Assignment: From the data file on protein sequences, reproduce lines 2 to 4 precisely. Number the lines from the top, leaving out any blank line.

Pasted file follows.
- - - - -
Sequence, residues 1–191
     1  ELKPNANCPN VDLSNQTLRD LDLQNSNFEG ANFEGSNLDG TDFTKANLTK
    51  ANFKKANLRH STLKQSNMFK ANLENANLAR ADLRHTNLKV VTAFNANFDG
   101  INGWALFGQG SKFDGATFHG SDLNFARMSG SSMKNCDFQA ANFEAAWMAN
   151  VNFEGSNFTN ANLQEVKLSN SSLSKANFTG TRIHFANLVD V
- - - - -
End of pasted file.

     1  ELKPNANCPN VDLSNQTLRD LDLQNSNFEG ANFEGSNLDG TDFTKANLTK
    51  ANFKKANLRH STLKQSNMFK ANLENANLAR ADLRHTNLKV VTAFNANFDG
   101  INGWALFGQG SKFDGATFHG SDLNFARMSG SSMKNCDFQA ANFEAAWMAN